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SafetyAlerts
April 21, 2000

Easter Eggs and Baby Chicks can Bring Holiday Illness

Six cases of Salmonella identified in Oregon

Portland, OR (SafetyAlerts) - Most people like holiday traditions like Easter eggs and baby chicks, but these fun surprises can lead to health surprises most people would rather live without.

This spring Oregon has identified six cases of Salmonella Montevideo infections linked to baby chicks. The baby chicks tested were also positive for this strain of Salmonella.

It is not unusual for baby chicks to pass Salmonella to people. During 1995 and 1996 children in Washington State developed Salmonella infections associated with exposure to baby chicks. Last year, Salmonella outbreaks related to handling chicks and ducklings were also reported in Michigan and Missouri.

The risk of severe illness posed by chicks and ducklings may be highest for children, since Salmonella infections in children may be more severe, and children are often recipients of chicks or ducklings as pets, according to Dr. Emilio De Bess, Oregon's state public health veterinarian.

Chicks, ducklings and other young fowl may not be appropriate pets for children younger than 5 years or for persons with a weakened immune system.

Most reptiles and many birds shed Salmonella in their feces. Humans become infected when contaminated food, hands, or other objects are placed in the mouth; therefore, hand washing is critical to prevent Salmonella infections following direct or indirect contact with animals.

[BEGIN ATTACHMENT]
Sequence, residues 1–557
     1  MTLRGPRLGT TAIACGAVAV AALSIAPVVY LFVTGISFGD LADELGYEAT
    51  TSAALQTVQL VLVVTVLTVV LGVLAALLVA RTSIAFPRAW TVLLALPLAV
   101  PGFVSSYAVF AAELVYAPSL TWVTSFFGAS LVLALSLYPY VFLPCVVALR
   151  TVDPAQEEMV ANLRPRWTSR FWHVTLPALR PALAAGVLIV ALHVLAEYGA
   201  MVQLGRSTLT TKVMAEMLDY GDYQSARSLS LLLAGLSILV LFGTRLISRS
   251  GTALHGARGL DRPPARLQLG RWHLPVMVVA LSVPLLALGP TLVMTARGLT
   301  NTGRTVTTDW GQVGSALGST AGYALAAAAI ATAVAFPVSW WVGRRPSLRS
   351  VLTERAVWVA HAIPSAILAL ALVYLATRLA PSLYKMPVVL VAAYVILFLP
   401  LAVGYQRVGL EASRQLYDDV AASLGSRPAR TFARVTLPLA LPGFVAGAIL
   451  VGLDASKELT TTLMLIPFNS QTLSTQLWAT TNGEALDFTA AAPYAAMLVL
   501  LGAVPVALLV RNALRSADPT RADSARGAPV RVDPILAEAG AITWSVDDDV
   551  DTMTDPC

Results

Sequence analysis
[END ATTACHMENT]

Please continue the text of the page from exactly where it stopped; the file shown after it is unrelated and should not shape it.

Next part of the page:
People who plan to handle baby chicks and ducklings should remember to wash their hands after playing with these pets.

Health officials offered the following prevention tips:

  • Wash hands thoroughly with soap after handling baby chicks or any other animal or after coming in contact with their feces.
  • Keep your poultry in an outdoor area designated for them and provide proper food and care.
  • Do not nuzzle or kiss your poultry or birds.

Symptoms of salmonellosis usually begin 12-72 hours after exposure and include diarrhea, fever, and abdominal cramps. Illness usually lasts 4-7 days, and most people will recover without treatment. Infants, children, the elderly and immunocompromised persons are more likely to experience severe illness due to Salmonella that may require treatment and/or hospitalization.

 
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